An 18 year old young man from Kansas dove from the dock into a lake in 2005 and came out without being able to walk again. The water where he dove was less than 4 feet deep, but was not properly marked.
A jury in 2007 held the corporation that owned the lake responsible for this injury and awarded 20 millions dollars for the permanent, catastrophic injury to the young man. The jury did find the boy was 20% at fault in causing his own injury, and thereby reduced the verdict to 16 million. The result would not necessarily have been the same in a Virginia (VA) court. Because Virginia (VA) is one of only four states left in the country that keeps the old rule of contributory negligence, the boy might have received nothing in a Virginia (VA) court, if the jury felt that his fault was a proximate cause of his own injury. This rule is extremely unfair and at times leads to jury verdict of zero where there is only minor fault by an injured person with such a terrible injury from the accident. As a quadriplegic, the young man can only partially use his arms and will be in a wheel chair for the rest of his life. Clearly the Kansas jury felt that the substantial fault lay with the corporation that owned this lake and the company that was suppose to provide life guard services.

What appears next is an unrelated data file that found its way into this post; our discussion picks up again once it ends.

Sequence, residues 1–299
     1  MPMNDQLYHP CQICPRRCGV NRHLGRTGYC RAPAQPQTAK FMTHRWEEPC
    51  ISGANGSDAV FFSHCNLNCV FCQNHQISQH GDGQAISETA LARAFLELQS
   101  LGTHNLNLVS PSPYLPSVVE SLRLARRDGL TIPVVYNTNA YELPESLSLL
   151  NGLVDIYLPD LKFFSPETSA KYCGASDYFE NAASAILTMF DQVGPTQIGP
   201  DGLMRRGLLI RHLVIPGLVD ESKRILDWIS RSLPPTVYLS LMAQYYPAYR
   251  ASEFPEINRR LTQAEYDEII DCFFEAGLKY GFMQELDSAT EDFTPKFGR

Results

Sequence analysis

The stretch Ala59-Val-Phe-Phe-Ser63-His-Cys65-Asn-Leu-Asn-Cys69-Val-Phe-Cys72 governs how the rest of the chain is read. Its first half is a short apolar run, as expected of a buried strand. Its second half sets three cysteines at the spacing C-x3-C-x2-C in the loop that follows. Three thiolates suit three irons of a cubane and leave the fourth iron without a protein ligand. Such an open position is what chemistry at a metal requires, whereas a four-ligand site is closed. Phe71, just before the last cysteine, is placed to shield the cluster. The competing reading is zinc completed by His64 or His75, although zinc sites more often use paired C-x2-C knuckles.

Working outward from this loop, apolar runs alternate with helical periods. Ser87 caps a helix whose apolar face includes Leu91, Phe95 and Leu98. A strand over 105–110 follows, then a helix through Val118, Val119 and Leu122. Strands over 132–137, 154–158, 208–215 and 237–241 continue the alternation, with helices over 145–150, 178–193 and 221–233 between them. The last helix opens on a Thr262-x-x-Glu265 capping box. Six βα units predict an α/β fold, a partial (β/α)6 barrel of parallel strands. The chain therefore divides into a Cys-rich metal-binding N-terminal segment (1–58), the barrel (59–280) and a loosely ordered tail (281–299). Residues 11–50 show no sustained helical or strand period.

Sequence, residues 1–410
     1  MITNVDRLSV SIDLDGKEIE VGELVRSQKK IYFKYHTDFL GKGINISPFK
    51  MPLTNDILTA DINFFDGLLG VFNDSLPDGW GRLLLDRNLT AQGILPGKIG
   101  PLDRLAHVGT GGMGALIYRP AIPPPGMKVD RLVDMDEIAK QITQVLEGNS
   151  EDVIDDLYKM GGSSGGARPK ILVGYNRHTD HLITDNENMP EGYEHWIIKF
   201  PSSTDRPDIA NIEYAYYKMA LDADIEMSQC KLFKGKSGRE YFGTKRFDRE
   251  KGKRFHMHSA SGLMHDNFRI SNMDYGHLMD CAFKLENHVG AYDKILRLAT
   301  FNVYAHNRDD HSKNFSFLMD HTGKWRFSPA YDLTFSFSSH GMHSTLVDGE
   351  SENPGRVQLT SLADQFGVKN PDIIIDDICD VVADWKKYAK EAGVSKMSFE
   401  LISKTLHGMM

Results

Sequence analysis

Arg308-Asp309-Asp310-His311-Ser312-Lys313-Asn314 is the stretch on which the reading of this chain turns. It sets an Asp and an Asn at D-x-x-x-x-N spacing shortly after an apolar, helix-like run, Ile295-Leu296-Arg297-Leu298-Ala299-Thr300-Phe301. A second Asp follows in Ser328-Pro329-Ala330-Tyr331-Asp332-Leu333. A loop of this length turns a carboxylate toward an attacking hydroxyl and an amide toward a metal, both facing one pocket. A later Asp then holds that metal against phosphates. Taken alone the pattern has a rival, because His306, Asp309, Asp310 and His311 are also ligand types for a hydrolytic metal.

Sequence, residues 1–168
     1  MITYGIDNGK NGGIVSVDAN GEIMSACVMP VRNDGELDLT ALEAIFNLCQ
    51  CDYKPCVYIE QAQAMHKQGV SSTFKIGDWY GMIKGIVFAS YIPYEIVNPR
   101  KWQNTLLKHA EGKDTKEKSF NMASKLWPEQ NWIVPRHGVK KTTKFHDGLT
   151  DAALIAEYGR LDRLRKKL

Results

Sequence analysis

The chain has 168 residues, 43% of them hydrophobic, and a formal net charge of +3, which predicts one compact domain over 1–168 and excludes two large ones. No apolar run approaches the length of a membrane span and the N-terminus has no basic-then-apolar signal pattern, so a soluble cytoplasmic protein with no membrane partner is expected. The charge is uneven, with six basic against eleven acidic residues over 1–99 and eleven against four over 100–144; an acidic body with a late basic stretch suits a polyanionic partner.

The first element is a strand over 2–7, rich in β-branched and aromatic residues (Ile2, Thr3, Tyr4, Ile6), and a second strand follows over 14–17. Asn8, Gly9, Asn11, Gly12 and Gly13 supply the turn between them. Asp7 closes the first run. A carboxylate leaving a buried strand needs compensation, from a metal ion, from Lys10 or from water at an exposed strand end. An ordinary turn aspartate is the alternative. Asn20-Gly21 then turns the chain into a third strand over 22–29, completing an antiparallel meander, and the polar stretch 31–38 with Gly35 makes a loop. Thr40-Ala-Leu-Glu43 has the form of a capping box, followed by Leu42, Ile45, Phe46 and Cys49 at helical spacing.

Spinal cord injuries resulting in paralysis are all too common in diving accidents. Anyone who is providing a recreational swimming and diving facility has to be aware of the need to mark the pool or the body of water, so that people know where it is safe to dive and where it isn’t. The Kansas business must have had notice of the risk, yet failed to take reasonable steps to prevent the tragedy, or the jury would not have held them responsible for the tragic consequences to this young person.
For more information on this subject, please refer to our section on Property Owners’ Liability.